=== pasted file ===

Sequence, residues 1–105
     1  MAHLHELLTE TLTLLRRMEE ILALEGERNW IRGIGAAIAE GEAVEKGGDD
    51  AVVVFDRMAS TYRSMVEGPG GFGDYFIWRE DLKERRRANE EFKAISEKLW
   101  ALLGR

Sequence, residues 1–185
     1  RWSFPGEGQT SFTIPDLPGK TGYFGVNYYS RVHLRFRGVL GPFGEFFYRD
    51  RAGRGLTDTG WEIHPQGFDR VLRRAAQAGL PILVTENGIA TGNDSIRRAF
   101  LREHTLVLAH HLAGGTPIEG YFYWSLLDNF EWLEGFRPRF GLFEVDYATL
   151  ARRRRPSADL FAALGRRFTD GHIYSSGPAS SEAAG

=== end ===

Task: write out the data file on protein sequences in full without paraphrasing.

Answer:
Sequence, residues 1–105
     1  MAHLHELLTE TLTLLRRMEE ILALEGERNW IRGIGAAIAE GEAVEKGGDD
    51  AVVVFDRMAS TYRSMVEGPG GFGDYFIWRE DLKERRRANE EFKAISEKLW
   101  ALLGR

Sequence, residues 1–185
     1  RWSFPGEGQT SFTIPDLPGK TGYFGVNYYS RVHLRFRGVL GPFGEFFYRD
    51  RAGRGLTDTG WEIHPQGFDR VLRRAAQAGL PILVTENGIA TGNDSIRRAF
   101  LREHTLVLAH HLAGGTPIEG YFYWSLLDNF EWLEGFRPRF GLFEVDYATL
   151  ARRRRPSADL FAALGRRFTD GHIYSSGPAS SEAAG